Archive for the ‘Real Estate & Land Use’ Category
I co-presented “What to do if Your Borrower Says the “B” Word! (Or, Will the Borrower’s Bankruptcy Make My Horrible Loan Even Worse?),” on March 12 at Brookside Country Club in Macungie, Pennsylvania, at 7:15 a.m., with Jack M. Seitz, Esquire. We discussed the types of bankruptcy, how bankruptcy can be a good thing, how you get notice of bankruptcy and what it looks like, the effect of filing bankruptcy, filing claims and avoidance. If you have any questions regarding bankruptcy or the issues that can arise, please contact me at email@example.com.
Commercial and residential real property owners whose property suffered damage as a result of the storm “Sandy” may be entitled to property tax relief in the form of a reduction of the assessment on the property. Where real property has been destroyed or altered in a way that the property value has “materially depreciated,” the property tax may be adjusted accordingly. If your property has been damaged, destroyed or “materially depreciated” by the storm, you should immediately notify your local property tax assessor. If notified prior to January 10, 2013, the assessor must value the property as of January 1, 2013, and therefore consider the present condition of the property. If no notice is provided to the assessor by January 10, however, this opportunity will be lost.
If you have questions, please contact Nicholas F. Pellitta at 908-252-4164 or firstname.lastname@example.org.
Form changes are coming which are going to affect realtors, lenders, title agents and consumers. The Consumer Financial Protection Bureau (CFPB) was created in July of 2010 as part of the Dodd-Frank financial reform legislation. The CFPB has proposed two new forms intended to “simplify and improve” existing disclosure forms. The “Loan Estimate” form would replace the GFE and the Truth In Lending (TIL). The “Closing Disclosure” form would replace the HUD-1. It is expected that in January of 2013 the CFPB will issue final rules which will include the approval of the new forms for use in January of 2014.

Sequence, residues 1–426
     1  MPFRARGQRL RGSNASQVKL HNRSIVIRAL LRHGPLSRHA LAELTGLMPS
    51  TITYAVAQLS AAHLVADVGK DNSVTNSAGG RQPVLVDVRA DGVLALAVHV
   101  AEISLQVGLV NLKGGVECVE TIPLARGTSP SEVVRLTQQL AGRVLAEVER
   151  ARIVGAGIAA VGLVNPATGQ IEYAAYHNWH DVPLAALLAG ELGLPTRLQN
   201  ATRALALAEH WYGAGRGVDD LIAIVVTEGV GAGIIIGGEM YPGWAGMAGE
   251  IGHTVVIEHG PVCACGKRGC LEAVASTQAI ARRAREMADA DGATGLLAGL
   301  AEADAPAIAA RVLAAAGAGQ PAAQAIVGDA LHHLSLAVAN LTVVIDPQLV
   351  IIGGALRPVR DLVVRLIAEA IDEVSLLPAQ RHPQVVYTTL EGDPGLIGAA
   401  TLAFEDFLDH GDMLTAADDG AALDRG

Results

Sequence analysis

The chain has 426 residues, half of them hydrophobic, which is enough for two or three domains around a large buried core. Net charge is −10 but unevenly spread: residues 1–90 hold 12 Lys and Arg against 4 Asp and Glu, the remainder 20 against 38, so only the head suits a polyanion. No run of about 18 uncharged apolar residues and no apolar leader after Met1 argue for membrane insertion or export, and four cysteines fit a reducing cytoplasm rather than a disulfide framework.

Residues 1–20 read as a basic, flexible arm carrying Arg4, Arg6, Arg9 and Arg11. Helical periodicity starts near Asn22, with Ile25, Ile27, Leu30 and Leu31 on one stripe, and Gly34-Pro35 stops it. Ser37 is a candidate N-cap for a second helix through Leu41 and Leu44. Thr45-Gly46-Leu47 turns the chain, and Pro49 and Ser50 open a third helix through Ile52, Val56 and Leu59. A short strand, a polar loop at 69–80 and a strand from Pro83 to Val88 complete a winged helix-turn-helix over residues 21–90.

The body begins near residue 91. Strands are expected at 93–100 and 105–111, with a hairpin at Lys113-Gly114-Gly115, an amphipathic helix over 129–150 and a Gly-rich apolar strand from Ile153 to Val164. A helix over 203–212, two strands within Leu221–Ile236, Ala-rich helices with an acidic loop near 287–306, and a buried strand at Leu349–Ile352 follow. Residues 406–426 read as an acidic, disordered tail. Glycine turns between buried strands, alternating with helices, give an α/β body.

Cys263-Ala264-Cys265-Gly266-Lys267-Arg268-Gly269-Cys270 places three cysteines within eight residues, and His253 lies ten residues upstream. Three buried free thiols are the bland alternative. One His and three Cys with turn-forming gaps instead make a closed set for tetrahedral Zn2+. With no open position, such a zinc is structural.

I recently did a seminar on the new forms at which I discussed that the comment period for the proposed Loan Estimate and Closing Disclosure forms closes November 6, 2012. Please take the time to review the proposed changes and share your thoughts with the CFPB. To make a comment:
- go to the main website at www.consumerfinance.gov
- scroll down to the “Our Work” section
- under Regulations, click on “Notice and Comment”
-scroll down and click on the title “Integrated Mortgage Disclosures Under
the Real Estate Settlement Procedures Act (Regulation X) and the Truth
In Lending Act (Regulation Z)”
- In the upper right you click on green block “Submit a Formal Comment”
What should a landlord do when a tenant has moved out and left things behind? Pennsylvania finally has a new law that answers the question. There have been plenty of opinions (and horror stories) on this topic, but there was never a definitive answer. Senator Pat Browne (R- Lehigh, Monroe and Northampton Counties) introduced SB 887, now Act 129 of 2012 (“Act 129”), which amended the Landlord Tenant Act of 1951. Act 129 establishes a statewide standard as to what to do with personal property left behind by a tenant who has relinquished possession of a rental property. It gives tenants a set time frame and advises landlords when they can dispose of the items without incurring liability. Read the rest of this entry »